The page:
The Arc of History


Nothing is so peculiar as the idea that modern life is normal. All the comforts and conveniences that we take for granted actually represent a stupendously special moment in history. We enter a room, throw a light switch, and would only be astonished if the lights failed to come on. Yet, my grandparents were born into a world where electric lighting was a novelty, and hot showers a luxury. And there’s a fair chance our grandchildren will look back at these decades that bridged the millennia as an enchanted golden age of miracles. Everything passes, everything changes, and now we are moving into an age of dark uncertainty.

All the disorders of the moment can be traced to the end of abundance – of energy resources, high-grade ores, good soils, clean water, fertile oceans, and healthy natural ecosystems. The human race has overshot the Earth’s ability to provide and now faces systematic contraction. The political implications are untenable and so political leadership cannot cope with the task of managing contraction, whether it manifests in an unraveling social safety net or the need to put insolvent banks through administration. In short, there is no political appetite for reality these days. Instead, we mount one campaign after another to sustain the unsustainable – bailouts for banks, the rescue of bankrupt car companies, net-loss ethanol subsidies, interventions in the housing market, Operation Twist 2 and 3, quantitative easing-to-infinity. We wish desperately to stay in the safe and comfortable moment in history.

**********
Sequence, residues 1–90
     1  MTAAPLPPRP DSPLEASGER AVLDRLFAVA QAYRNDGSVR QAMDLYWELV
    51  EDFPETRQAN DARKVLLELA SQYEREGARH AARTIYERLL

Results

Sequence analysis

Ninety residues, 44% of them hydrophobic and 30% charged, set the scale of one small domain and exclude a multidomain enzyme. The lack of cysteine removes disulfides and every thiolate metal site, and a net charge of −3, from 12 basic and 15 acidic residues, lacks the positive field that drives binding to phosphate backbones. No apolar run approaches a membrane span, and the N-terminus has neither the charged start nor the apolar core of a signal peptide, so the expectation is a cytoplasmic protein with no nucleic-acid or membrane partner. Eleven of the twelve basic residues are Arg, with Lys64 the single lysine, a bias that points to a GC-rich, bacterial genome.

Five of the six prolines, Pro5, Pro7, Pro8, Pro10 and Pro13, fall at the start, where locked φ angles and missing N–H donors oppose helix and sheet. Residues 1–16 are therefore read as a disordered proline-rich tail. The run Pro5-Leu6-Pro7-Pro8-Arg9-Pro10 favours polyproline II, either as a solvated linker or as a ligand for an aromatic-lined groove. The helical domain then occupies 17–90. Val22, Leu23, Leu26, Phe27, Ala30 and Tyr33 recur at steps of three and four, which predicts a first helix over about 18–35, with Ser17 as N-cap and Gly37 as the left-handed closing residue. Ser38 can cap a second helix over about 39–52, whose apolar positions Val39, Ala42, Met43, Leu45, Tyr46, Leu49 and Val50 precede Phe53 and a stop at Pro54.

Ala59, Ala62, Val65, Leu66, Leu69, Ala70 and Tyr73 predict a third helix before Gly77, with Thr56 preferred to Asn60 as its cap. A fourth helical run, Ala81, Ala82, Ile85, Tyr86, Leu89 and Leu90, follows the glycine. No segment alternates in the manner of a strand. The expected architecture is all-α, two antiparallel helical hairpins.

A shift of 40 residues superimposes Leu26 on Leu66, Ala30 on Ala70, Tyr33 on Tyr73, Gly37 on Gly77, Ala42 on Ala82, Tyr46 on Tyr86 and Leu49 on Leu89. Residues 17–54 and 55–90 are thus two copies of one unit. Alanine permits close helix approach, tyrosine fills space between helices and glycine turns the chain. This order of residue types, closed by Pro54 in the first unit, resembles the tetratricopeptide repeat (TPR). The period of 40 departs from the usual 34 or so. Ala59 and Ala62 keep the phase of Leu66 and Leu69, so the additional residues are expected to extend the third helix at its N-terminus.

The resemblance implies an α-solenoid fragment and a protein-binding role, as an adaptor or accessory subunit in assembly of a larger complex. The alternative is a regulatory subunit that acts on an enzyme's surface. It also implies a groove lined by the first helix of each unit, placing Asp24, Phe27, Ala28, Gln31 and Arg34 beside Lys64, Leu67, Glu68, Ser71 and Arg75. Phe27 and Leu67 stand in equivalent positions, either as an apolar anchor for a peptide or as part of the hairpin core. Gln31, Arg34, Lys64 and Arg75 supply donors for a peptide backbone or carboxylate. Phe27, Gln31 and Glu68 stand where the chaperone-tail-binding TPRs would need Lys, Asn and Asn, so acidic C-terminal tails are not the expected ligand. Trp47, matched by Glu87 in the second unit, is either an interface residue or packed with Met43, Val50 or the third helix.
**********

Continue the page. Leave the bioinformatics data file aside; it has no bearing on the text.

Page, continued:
History has other plans for us. It is dragging us kicking and screaming into a new era that will contradict and disappoint the most popular extrapolated fantasies about a super high tech cornucopian future. What awaits us instead is the breakdown of interrelated complex systems that will amount to a striking re-set of all our activities. Everything now gets smaller and more local or it goes out of business – and that goes for governments, the operations of finance, commercial enterprise, farming, medicine, schooling, even professional sports and the arts. This re-set to a less complex version of civilization (or simply human society, if that term offends) will very likely include a “time-out” from exactly the sort of technological progress that was the essence of modernity.

What a shocking irony that the modern age failed to notice that it, too, had a “sell-by” date. A big part of its appeal was the notion that all prior limits to human desire were suspended. Anything seemed possible including Ray Kurzweil’s “Singularity” fantasy of human life merging with machine intelligence to become, in effect, God. Trafficking with infinity is dangerous business and beats a path directly to hubris and self-destruction.

Historians of the future sitting around their fireplaces will look back on the hundred-odd years after the First World War with reverent wonder (and perhaps some vertiginous nausea, just as we look back on the bygone spectacles of Imperial Rome.)  Some of the artifacts of the modern period will survive, for a while, anyway. What will they make of the Busby Berkeley chorus lines singing “We’re in the Money, and the Ninja Turtle action figures, not to mention the decrepitating Creation Museums?

In this inevitable future everybody will recognize what an anomaly the modern era was from the magnificent stringencies of nature’s rule. For a dazzling moment, we were able to outpace the laws of thermodynamics until it all snapped back on us.

That would be the same instant when we become reacquainted with our lost notions of virtue, of the idea that we are actually closer to the angels than to machines we came to worship in an unfortunate age.